Target Product Profile:
Starting with patients in mind
Rob Don, DNDi Project Manager

By the time a new drug reaches a patient it has to be able to cure the disease safely, with few side-effects. To be truly effective it has also to satisfy many others criteria. These may include an attractive formulation to ensure that children comply with their treatment, or robustness suitable for transport and storage in tropical conditions.
During drug discovery, which is the very start of the R&D process, researchers can too often become so involved with the interaction between drug molecules and targets associated with the disease that they forget critical features of the final product. A Target Product Profile (TPP) keeps research focused on the endgame – a medicine for a patient.

A common format for the TPP is a “package insert” which contains all of the information necessary for a medical practitioner to effectively prescribe the drug. At DNDi, additional features include low cost of manufacture to make the drug more affordable to patients and governments, and robustness suited to the extremes of climate that our drugs will encounter.

The TPP provides a statement of intent very early on in the drug’s development programme. It starts as a description of an ‘ideal’ drug, and changes over the development process as limitations in the potential drug emerge. Because the TPP reflects the final product, it is a useful tool to assess whether these limitations are acceptable. If they are, development of the drug continues; if not, it is back to the drawing board for a new potential drug.

Good knowledge of patient needs is essential to a credible TPP. It is necessary to solicit input from health-care workers, patients, health regulators and policy-makers in disease-endemic countries that are the final destination for the drug. Their inclusion in the early stages of the decision-making process ensures that their needs are reflected in the final product.

Used properly, the TPP can play a central role in the entire drug discovery and development process. This role includes (1) effective optimisation of drug candidates (2) decision-making within an organisation, (3) design of clinical research strategies, and (4) constructive communication with regulatory authorities.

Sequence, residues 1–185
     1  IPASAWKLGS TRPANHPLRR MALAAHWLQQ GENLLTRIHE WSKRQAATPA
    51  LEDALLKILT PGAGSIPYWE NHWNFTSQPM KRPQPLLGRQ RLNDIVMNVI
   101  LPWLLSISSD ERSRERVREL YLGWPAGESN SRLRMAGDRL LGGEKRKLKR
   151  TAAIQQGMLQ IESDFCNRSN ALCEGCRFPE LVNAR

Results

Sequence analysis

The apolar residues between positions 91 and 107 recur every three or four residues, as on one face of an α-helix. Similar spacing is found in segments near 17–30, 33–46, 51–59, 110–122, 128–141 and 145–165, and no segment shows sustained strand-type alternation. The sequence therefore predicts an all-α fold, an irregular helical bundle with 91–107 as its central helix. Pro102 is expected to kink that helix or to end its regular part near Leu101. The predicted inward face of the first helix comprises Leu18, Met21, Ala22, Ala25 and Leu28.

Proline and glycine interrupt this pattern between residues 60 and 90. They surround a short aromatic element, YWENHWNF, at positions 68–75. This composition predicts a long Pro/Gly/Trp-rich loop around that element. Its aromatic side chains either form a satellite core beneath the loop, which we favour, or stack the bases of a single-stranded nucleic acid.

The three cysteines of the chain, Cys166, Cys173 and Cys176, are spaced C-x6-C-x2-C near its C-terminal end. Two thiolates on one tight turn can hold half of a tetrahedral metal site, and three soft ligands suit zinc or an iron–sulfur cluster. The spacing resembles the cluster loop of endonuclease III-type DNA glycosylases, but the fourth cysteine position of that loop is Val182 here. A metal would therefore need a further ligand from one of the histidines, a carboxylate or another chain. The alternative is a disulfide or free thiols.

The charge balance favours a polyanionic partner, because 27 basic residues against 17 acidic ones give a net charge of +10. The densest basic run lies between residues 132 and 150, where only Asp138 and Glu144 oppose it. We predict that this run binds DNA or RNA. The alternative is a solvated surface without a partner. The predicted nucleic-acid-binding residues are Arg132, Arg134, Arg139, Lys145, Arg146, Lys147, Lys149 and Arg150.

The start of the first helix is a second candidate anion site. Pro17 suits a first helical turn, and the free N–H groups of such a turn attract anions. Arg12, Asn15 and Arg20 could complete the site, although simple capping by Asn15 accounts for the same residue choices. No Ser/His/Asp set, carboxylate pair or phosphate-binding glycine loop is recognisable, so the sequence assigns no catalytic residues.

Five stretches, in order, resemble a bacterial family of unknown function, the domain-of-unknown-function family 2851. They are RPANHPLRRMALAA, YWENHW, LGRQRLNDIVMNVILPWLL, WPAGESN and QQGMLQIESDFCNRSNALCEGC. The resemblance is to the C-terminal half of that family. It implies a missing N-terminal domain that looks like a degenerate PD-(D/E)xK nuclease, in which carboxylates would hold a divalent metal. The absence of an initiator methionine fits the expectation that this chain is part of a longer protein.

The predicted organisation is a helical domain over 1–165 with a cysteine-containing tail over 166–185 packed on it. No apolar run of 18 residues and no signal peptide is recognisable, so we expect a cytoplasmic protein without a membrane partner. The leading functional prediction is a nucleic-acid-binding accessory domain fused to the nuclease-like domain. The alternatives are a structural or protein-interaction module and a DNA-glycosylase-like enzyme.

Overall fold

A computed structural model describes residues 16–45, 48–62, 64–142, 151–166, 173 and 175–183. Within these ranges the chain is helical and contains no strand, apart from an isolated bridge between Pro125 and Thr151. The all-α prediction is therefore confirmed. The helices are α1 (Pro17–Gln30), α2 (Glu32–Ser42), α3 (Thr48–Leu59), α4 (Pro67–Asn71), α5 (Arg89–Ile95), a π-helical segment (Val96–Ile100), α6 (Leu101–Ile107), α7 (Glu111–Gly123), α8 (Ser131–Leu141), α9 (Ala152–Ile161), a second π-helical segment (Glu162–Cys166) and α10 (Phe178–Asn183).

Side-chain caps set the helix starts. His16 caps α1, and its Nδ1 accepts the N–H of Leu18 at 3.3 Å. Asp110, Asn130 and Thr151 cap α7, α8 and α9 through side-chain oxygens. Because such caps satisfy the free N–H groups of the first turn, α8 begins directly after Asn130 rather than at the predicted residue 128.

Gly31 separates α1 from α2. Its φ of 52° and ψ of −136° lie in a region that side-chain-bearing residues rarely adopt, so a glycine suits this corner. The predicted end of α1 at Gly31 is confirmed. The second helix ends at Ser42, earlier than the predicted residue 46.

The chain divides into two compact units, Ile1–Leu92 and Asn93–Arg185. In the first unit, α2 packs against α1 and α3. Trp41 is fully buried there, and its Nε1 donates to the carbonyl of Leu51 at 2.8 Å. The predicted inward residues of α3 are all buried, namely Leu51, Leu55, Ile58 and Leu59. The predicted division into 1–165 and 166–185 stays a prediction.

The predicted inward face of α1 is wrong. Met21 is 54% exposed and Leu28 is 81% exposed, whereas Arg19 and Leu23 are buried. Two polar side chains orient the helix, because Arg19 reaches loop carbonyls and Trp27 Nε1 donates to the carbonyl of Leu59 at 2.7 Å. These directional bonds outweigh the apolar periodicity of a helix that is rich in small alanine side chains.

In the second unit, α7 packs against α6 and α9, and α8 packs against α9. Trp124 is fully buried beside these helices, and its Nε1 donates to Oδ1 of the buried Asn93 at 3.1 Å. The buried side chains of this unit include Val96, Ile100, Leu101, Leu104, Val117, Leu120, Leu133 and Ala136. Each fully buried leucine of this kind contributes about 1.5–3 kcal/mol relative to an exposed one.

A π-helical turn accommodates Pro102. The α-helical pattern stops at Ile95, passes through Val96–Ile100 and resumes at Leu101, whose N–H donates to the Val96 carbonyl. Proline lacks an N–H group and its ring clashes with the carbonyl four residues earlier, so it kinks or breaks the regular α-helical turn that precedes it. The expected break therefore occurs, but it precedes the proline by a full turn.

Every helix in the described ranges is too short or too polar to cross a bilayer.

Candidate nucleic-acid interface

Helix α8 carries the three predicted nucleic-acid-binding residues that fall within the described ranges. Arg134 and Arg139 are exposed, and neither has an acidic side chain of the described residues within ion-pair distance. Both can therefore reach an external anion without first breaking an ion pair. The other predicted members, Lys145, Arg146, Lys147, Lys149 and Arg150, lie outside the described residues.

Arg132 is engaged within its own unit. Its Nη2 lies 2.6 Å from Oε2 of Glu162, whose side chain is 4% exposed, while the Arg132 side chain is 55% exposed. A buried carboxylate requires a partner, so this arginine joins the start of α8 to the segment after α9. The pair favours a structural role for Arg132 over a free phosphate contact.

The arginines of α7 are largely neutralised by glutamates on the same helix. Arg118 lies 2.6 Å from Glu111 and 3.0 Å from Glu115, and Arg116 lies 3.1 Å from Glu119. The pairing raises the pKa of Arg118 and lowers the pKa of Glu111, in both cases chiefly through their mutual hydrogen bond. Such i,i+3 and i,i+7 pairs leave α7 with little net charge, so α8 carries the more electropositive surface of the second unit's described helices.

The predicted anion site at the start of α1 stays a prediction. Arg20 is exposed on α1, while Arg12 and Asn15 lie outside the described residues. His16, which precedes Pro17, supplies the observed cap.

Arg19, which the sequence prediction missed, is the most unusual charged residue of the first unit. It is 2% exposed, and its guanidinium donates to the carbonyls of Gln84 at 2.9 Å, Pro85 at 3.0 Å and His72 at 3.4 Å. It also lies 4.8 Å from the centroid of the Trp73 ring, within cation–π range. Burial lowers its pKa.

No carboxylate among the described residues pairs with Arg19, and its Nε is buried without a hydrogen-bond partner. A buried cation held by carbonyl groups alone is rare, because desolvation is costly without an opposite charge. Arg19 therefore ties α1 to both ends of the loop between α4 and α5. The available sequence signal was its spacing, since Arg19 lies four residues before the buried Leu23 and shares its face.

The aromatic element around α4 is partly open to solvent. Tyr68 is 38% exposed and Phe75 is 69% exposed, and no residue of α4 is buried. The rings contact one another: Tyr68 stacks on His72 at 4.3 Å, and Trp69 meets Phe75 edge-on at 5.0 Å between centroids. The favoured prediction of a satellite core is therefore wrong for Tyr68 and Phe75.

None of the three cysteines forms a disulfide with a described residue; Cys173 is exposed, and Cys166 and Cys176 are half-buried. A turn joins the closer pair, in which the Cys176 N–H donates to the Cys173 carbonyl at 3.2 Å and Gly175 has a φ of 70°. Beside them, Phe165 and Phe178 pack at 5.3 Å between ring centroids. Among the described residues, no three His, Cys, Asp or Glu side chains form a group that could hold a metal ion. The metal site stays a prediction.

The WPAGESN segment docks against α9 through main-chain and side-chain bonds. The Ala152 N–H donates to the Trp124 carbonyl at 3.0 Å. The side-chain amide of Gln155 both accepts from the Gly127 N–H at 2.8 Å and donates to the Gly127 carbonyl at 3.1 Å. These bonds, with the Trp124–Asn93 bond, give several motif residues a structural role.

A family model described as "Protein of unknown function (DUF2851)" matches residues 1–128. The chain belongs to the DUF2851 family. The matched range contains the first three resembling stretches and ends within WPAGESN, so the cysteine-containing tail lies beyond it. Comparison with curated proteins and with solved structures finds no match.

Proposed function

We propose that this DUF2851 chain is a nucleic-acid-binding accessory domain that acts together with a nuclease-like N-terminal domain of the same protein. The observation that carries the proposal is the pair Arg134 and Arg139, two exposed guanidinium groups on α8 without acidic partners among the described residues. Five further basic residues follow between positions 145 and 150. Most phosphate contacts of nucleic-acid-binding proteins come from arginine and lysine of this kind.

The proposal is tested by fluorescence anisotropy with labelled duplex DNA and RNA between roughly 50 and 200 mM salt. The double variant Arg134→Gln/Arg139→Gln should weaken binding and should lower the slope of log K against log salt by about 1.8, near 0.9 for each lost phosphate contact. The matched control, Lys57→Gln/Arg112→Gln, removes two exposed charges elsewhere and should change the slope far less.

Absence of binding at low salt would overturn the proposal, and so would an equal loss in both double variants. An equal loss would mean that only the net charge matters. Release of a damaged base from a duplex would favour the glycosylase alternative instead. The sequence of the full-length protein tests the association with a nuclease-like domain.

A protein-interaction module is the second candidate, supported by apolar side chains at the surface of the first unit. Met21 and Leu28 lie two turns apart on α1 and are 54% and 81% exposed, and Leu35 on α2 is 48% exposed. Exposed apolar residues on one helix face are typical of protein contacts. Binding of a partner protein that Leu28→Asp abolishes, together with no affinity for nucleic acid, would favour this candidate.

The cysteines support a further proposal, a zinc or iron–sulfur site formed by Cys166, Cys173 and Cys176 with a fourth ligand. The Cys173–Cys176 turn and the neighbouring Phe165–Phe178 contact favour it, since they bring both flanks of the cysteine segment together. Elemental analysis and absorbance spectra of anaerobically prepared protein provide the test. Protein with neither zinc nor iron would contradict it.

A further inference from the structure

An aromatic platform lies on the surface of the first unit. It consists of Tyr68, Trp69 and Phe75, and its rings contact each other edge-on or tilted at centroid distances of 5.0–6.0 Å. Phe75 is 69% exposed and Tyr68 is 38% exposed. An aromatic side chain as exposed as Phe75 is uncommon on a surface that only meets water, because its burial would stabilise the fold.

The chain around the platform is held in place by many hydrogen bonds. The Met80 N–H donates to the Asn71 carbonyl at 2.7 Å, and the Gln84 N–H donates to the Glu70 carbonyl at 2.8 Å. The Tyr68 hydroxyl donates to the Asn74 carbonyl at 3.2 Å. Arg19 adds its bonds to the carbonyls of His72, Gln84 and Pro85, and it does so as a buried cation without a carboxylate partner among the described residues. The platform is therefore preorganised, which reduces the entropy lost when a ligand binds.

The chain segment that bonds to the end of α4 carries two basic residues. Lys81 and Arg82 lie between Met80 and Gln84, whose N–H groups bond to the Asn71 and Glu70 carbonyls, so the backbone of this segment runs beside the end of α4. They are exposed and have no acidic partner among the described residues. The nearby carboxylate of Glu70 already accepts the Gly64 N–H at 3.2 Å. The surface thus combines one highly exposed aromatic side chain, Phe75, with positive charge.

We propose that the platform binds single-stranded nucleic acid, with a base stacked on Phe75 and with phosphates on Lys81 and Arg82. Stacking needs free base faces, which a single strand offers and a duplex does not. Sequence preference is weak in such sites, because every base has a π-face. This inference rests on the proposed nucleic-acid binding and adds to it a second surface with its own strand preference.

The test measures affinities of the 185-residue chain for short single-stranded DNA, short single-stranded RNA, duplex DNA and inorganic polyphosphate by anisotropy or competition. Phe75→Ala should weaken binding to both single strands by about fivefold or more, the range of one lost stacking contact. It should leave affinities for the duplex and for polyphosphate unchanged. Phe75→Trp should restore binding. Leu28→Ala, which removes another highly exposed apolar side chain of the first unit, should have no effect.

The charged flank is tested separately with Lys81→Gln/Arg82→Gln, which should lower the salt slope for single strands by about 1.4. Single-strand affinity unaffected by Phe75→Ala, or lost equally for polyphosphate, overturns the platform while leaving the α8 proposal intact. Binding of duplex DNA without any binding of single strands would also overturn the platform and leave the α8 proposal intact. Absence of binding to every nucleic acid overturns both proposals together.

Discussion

1. Effective optimisation: At the very early and high-risk end of drug discovery – drug screening and lead optimisation – a TPP can provide an objective method to decide whether the drug should be allowed to go through the development process. It takes the emotion and subjectiveness out of hard decisions that have to be made. The description of what the final drug needs to be creates a ‘decision matrix’ of specific assessments (manufacture and kinetics, efficacy and safety).

At the screening stage, the matrix asks simple questions such as: Is the molecule drug-like? Does it kill the parasite? Is it likely to yield a product which will be cheap enough? As the compounds are refined, the matrix becomes more discriminating and asks whether the drug candidate works in complex models of disease and if it has an acceptable safety profile etc.

2. Decision-making: Within the organisation the TPP provides an objective, shared understanding of each drug development programme and facilitates rapid orientation for new personnel.

3. Planning the clinical development strategy: With knowledge of the final drug product, the complete clinical trial programme needed to generate the data necessary to support registration can be designed. Manufacturing and formulation issues can be addressed well in advance. This shortens development time and delivers new medicines to patients faster.

4. Constructive communications: A well-written TPP can serve as an excellent briefing document for meetings with regulators.
It is a multidisciplinary tool and includes detailed information about drug manufacture, safety, pharmacokinetics, pharmacodynamics, and statistics. The regulatory agency can thus assess the development strategy for a product and provide accurate advice on whether the strategy will satisfy all necessary requirements for registration.
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Published by Drugs for Neglected Diseases Initiative - 1 Place St Gervais 1201 Geneva Switzerland
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